Originally published on Tokyo Art Beat, “A View from the Couch” was written by Nick West and edited by Emily Wakeling.

Yayoi Kusuma, ‘Pumpkin’ (1990). Acrylic on canvas. Photo: Nick West

Drawn from a collection of over 2,000 artworks, the psychiatrist Ryutaro Takahashi’s private collection of contemporary Japanese art has recently gone on display at Tokyo Opera City Art Gallery. Consisting of 140 works by 52 different artists, it’s the first time that these works have been shown together like this. What began almost twenty years ago as a way to decorate the walls of his clinic with stimulating imagery, soon outgrew the premises. In an interview posted on Azito blog, the ambitious art collector recalls:
“My initial idea was silly. […] I repeatedly expanded my clinic in order to get more exhibition space. It was my […] dream to extend the clinic with every item that I added to my collection. From around the tenth extension, I realised I wouldn't be able to continue that stupid game.”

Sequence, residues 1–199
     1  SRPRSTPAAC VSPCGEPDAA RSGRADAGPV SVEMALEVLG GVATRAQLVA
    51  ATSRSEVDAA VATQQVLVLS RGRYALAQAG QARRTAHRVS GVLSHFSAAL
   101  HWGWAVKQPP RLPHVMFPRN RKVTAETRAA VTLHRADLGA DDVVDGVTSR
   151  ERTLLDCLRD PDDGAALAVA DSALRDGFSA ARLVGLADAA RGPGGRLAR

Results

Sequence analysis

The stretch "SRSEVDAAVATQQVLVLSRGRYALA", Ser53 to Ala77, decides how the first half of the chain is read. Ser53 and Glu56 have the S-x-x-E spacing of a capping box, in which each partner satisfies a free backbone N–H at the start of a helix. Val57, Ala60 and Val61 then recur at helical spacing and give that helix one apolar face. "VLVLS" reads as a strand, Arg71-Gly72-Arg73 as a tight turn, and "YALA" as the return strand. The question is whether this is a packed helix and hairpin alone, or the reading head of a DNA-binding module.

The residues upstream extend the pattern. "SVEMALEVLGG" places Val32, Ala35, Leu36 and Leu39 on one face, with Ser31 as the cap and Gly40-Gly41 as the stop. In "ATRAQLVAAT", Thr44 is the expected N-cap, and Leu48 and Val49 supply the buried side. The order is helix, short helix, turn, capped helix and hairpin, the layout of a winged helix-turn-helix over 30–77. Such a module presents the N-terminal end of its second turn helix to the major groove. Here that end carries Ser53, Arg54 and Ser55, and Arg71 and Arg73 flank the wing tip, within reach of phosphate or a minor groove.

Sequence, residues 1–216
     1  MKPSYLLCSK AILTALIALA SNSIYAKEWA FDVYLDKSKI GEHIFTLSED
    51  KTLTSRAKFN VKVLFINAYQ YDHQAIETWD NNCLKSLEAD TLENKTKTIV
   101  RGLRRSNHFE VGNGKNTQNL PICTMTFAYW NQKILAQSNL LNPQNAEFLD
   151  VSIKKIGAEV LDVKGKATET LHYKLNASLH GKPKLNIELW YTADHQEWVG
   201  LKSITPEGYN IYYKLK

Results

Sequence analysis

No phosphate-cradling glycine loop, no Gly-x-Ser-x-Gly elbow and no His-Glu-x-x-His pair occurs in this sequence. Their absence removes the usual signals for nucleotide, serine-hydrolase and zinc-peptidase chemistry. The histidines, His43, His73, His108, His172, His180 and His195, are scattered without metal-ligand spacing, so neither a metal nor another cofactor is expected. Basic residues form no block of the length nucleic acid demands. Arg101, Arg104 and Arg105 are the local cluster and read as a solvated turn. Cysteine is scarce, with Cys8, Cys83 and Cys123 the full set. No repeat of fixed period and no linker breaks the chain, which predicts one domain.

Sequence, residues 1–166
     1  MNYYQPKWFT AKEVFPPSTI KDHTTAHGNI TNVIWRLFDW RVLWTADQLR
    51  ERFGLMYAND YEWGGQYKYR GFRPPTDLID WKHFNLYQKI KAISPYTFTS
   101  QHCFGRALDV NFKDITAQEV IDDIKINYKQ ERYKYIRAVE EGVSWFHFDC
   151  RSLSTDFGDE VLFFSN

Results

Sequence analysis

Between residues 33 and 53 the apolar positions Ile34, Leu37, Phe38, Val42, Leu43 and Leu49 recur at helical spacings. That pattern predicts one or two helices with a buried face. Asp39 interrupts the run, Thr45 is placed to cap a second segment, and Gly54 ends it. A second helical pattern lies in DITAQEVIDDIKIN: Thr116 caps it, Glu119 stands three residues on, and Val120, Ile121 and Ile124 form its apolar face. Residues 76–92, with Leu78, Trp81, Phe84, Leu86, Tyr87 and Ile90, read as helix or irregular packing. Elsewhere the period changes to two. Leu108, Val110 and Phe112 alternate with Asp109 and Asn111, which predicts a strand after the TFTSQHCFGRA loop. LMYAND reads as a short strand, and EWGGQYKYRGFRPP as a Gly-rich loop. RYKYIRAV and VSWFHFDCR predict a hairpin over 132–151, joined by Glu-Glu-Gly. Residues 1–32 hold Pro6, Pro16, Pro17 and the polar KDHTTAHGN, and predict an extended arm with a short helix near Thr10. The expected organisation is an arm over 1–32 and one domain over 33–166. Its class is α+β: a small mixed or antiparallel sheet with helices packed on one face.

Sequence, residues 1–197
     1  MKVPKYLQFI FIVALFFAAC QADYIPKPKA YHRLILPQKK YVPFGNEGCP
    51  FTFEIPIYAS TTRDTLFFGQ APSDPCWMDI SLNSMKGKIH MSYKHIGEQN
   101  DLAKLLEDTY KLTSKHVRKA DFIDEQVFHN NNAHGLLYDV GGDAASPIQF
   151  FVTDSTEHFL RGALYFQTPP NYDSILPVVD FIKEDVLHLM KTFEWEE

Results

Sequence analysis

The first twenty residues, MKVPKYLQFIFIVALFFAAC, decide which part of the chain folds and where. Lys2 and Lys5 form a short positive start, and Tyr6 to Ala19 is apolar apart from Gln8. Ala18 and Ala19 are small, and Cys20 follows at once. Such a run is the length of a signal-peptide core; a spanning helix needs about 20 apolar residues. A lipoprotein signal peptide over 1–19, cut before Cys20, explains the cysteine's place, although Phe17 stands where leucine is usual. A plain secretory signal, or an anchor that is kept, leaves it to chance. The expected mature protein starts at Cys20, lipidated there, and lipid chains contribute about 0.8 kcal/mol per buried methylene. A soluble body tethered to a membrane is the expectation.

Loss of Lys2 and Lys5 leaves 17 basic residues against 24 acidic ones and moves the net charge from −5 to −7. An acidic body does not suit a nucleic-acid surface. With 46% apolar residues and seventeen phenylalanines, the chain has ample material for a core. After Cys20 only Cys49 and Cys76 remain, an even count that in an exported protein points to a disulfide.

And so, after almost two decades of clinic and collection expansions, “Mirror Neuron” cherry-picks a selection of works that describe a development of contemporary art in Japan. It’s a rare treat to see it all on show at once.

Lee Ufan, ‘Correspondence’ (2002). Oil on canvas. Detailed view. Photo: Nick West

While Takahashi only begun collecting in 1997, several years after the bubble economy burst, “Mirror Neuron” name-checks some of the best known Japanese artists working today. Yayoi Kusama, Takeshi Murakami, Yoshitomo Nara and Makoto Aida are among the artists shown. Art historically, the collection also boasts works by Kishio Suga and Lee Ufan and so represents two of the key figures in the 20th-century art group Mono Ha. Encouragingly, the inclusion of recent artists like Miwa Yanagi, Kohei Nawa, Tabaimo are also on show. What makes Takahashi unique among collectors is that he focuses entirely on Japanese art.